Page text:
One of the largest hospitals in the country is chasing a bill of more than £500,000 from a Nigerian woman who gave birth to quadruplets. The 43-year-old, named only as Priscilla, went into labour three months early shortly after landing at Heathrow airport in November.
She had intended to give birth to the babies in Chicago, in the US, where she has family – but was turned away by border officials upon arrival. They claimed that although she had a visa, she did not have required documents from a hospital stating that she had the money to pay for the birth.
Priscilla, a healthcare worker, said she was returning to Nigeria via London when she started having contractions.
She was taken to the Queen Charlotte’s and Chelsea Hospital in west London, part of Imperial College Hospital, where she delivered the four babies.
One sadly died shortly after birth while another, a girl named Deborah, passed away on Saturday. The other two, Elijah and Esther, are still being treated on the hospital’s neonatal intensive care ward.
Staff estimate that the total bill for the highly complex birth and the care of the babies is already more than £500,000. The cost of treating one baby in neonatal intensive care is £20,000 a week. Priscilla is currently staying at a hostel run by a charity and is unable to afford the bill.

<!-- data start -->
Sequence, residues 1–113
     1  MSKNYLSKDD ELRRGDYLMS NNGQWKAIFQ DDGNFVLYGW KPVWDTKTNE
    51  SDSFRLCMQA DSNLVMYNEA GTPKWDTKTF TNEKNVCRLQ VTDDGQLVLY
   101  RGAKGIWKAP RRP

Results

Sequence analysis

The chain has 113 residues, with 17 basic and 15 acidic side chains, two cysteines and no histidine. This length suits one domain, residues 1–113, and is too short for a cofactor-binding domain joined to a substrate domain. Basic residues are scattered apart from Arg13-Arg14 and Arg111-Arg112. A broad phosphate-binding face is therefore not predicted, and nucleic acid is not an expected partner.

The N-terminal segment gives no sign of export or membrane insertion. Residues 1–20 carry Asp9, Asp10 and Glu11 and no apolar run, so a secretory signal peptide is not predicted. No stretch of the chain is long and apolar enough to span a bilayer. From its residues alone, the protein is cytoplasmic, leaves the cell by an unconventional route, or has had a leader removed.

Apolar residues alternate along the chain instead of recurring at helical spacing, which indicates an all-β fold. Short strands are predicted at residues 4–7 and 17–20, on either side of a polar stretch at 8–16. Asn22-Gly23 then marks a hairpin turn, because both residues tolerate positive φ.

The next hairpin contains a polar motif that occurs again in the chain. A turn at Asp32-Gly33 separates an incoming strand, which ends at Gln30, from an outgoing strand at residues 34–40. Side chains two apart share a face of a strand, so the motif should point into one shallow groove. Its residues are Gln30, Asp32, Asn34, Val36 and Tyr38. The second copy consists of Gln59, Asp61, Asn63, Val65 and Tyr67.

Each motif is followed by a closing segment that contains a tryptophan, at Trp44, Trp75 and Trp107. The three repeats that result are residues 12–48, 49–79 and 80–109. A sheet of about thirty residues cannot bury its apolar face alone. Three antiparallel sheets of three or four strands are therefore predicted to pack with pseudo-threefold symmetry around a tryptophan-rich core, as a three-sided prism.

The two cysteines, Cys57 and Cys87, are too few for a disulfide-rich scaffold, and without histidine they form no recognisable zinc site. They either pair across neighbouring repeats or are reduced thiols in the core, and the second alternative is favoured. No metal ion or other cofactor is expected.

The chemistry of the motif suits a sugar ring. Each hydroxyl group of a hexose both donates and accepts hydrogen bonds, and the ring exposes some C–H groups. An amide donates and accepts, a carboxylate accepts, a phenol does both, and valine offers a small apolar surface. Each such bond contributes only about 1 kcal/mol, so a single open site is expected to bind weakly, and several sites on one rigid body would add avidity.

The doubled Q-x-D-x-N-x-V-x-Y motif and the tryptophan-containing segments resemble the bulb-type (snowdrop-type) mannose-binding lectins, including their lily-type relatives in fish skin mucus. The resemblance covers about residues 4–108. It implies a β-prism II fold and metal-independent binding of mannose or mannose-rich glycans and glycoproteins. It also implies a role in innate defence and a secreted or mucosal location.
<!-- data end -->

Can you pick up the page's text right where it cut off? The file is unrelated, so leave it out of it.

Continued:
Her husband is in Nigeria, and cannot come to Britain to help take care of her as he does not have enough money for a visa or the flight.
Priscilla underwent IVF treatment, which has a high risk of multiple births, as she was struggling to conceive naturally due to her age.
She was told by her doctor to fly to the US to have her babies, as Nigerian hospitals do not have the ‘facilities to cater for the children’.
Her case is revealed tonight in the BBC 2 documentary Hospital, which exposes the pressures of health tourism on the trust.
When first warned of the high treatment costs by overseas visitor manager Terry Facey, she says: ‘I didn’t plan to come here.
‘It’s only money. Money can’t buy life. The last bill I had was £331,000 but – even if I worked every day – I would never earn that much money. My kids are priceless.’
Mr Facey, who has worked at the trust for 12 years trying to collect bills for overseas patients, says:
‘Those invoices are going to be huge ... 20 grand a week for each baby [in intensive care].
Mr Facey says other patients frequently ‘disappear into the community’ before he has the chance to hand them an invoice.
These have included a Palestinian man who had an operation to remove kidney stones and then discharged himself early.